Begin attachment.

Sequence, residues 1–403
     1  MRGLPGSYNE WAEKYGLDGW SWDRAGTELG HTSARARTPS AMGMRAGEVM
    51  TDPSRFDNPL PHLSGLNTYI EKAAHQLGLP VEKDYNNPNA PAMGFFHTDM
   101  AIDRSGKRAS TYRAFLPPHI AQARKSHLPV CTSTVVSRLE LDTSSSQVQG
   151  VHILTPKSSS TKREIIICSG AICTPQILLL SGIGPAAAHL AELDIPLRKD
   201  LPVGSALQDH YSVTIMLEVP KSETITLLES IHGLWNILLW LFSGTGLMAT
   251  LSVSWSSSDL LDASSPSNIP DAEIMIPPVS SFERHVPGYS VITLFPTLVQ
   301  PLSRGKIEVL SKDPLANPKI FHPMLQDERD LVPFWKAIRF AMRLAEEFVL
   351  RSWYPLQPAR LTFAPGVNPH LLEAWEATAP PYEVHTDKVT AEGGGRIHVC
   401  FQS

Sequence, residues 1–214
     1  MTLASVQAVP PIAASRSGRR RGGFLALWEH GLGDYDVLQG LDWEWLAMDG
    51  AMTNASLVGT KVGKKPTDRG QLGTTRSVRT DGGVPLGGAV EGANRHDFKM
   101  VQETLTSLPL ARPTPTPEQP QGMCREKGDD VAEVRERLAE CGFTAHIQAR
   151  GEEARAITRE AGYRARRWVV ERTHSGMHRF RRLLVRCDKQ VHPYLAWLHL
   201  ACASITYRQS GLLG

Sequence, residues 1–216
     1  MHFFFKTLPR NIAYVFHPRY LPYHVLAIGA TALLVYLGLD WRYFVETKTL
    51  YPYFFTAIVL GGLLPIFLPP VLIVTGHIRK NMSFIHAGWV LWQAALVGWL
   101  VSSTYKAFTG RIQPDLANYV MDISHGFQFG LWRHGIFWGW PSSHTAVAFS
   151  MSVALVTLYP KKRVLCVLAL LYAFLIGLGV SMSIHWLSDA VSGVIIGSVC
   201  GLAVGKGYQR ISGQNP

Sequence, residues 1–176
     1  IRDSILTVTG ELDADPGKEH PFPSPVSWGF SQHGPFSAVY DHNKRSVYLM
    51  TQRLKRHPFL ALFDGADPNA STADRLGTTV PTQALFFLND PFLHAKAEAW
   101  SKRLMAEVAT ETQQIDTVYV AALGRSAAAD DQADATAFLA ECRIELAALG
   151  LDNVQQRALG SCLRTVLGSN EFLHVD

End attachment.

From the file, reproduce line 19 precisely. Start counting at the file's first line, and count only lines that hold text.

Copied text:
    51  YPYFFTAIVL GGLLPIFLPP VLIVTGHIRK NMSFIHAGWV LWQAALVGWL